clock menu more-arrow no yes mobile

Filed under:

Outfielder market taking scenic route to sensible resolution

Yoenis Cespedes is the last man standing after Justin Upton signs with Tigers, but his future remains mysterious as ever

Leon Halip/Getty Images

When the dust from this offseason settles, the only thing that might be weird about the winter is how long it took to unfold.

Look at the landing spot for the biggest corner bats and consider:

  • The Cubs made a big play for Jason Heyward.
  • The Orioles re-signed their guy, Chris Davis.
  • The Royals used back-to-back World Series appearances to expand their budget and re-sign their guy, Alex Gordon.
  • The Tigers made a big splash to maintain Mike Ilitch's vital signs with Justin Upton.

Not one of these outcomes is anywhere near off-the-board crazy, and the contracts have been appropriately generous, more or less, after plenty of early hand-wringing.

The White Sox remain one big move -- or a couple of calculated moves -- from finishing their offseason. Yoenis Cespedes has been at the front of everybody's brain and the subject of obnoxious hashtag abuse, and if the Sox manage to land him, you can slot him at the bottom of that above list and go 5-for-5 with of-course results, especially since the Sox were never connected to Upton the way they had reported interest in the others. If that happens, the only complaints will be rather shallow ("The pursuit was too stressful!").

Yet getting to the finish line doesn't seem that straightforward, because it's hard to figure out Cespedes' stock based on his place in the rumor mill. The Orioles put a price tag on him -- which was more than Upton had received publicly -- but it appeared that it was only to try to drive down Davis' demands.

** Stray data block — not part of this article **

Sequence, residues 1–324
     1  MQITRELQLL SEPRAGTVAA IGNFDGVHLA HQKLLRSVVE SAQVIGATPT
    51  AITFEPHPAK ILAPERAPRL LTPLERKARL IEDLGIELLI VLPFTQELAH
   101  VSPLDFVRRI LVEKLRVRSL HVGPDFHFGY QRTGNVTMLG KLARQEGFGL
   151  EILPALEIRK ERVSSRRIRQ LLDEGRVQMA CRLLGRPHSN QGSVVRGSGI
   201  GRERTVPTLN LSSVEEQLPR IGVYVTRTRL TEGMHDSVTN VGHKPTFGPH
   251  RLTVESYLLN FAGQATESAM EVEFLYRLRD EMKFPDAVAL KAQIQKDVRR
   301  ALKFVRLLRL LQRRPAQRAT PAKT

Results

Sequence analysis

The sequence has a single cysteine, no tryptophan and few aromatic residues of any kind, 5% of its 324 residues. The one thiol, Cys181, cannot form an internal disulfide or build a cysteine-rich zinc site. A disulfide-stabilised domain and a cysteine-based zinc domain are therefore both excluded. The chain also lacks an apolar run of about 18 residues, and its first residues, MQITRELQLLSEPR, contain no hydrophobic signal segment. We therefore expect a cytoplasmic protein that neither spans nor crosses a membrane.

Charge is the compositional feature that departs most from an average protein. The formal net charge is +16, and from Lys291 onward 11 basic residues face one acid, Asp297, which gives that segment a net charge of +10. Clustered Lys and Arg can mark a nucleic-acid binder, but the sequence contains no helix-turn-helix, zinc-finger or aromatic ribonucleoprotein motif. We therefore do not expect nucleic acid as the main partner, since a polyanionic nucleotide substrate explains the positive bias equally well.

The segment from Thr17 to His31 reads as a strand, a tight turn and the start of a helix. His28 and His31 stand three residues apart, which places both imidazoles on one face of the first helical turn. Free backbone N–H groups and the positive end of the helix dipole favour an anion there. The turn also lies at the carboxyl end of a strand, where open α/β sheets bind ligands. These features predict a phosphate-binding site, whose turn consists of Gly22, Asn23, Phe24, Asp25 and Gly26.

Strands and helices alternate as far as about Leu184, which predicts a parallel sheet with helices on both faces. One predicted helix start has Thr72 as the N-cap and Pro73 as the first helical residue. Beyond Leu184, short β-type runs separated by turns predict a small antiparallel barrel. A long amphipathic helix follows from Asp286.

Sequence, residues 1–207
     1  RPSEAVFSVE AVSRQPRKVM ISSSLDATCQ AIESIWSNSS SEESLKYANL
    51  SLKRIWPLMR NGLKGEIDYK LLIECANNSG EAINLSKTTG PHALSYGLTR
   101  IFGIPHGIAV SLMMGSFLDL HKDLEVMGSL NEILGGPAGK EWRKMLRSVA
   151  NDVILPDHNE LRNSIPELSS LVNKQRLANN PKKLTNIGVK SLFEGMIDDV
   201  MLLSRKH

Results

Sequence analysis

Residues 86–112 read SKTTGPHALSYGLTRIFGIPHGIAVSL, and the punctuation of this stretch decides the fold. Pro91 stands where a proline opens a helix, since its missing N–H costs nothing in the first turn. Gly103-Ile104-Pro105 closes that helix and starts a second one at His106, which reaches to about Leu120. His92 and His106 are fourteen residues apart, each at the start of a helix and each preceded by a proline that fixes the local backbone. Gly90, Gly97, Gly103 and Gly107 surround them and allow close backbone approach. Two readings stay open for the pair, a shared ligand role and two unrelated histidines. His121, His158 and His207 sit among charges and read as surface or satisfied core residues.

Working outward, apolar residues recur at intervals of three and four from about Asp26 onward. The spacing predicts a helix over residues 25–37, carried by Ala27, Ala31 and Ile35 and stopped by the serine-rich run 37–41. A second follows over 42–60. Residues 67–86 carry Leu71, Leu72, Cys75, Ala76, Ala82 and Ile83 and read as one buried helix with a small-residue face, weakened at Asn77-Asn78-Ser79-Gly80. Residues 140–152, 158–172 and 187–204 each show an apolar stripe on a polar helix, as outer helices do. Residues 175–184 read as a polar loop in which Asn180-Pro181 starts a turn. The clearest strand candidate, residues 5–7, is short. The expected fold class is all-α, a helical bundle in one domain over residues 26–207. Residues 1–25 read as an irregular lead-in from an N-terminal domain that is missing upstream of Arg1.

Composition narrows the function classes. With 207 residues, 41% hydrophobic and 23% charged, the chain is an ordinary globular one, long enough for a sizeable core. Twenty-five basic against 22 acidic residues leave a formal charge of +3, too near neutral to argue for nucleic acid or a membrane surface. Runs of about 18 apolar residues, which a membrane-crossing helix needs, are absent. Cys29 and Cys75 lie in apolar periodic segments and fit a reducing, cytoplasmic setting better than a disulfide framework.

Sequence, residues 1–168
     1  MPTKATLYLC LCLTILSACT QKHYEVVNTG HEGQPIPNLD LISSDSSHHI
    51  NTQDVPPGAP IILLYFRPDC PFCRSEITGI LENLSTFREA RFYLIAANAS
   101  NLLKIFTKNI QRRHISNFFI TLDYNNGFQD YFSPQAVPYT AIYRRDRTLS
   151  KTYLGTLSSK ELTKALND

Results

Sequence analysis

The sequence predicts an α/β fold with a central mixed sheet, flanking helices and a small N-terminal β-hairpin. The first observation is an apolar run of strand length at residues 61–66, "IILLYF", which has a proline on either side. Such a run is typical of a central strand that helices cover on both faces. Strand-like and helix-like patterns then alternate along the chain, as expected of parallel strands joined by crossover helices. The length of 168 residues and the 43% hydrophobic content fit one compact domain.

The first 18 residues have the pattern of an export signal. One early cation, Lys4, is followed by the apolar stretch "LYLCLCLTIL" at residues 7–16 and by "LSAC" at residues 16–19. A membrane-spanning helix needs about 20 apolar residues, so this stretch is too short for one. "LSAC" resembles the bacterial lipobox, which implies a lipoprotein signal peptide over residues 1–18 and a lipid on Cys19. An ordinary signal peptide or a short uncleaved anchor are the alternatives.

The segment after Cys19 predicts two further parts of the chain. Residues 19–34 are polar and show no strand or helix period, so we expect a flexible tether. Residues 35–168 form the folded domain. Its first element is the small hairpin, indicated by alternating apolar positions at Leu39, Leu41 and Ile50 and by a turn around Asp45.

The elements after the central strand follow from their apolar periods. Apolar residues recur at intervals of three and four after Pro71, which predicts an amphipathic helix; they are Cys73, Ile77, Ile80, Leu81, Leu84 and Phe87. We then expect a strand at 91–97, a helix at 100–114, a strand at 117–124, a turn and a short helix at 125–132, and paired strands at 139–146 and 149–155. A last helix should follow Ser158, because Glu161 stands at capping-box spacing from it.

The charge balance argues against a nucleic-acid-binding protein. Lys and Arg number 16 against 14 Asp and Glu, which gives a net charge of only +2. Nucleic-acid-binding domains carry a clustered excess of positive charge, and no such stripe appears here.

After the Orioles made their decision, Jon Heyman started warming up the car for Cespedes with the Tigers:

Which made sense, since the Tigers traded for Cespedes and he thrived with them. Then the Tigers surprised everybody by opening and closing the news cycle with Upton in classic hot-n-ready fashion.

The fact that the Tigers opted for Upton instead of Cespedes makes me wonder. They had Cespedes, he performed well for them, and they generally have the kind of success with their veteran acquisitions that the White Sox don't. We don't know if the Tigers had their choice between the two outfielders for a similar price, but if they did, should that be telling?

Another reasonable alternative is that Upton's representatives were willing to work quicker. The way Cespedes' name has been thrown around makes me wonder if Roc Nation is a lot more ruthless and/or reckless in its attempt to land the best contract.

Case in point: Now Heyman's at it again, banging the drum for a different target:

I'd say there's a faint whiff of desperation with how much Cespedes is having his name bandied about, but a lack of action and traction hasn't hurt the holdouts...

... so I can't imagine that Cespedes will really have to settle (no draft pick compensation, after all). At this point, the only thing I feel somewhat certain about is that, whenever Cespedes signs somewhere, ol' Heynongman will be the one to get the scoop. He deserves at least that much.

And if Cespedes signs elsewhere than the Sox -- and the Sox don't have a compelling combination to counter with over the next fortnight -- they'll deserve the extra scrutiny SoxFest crowds have in store.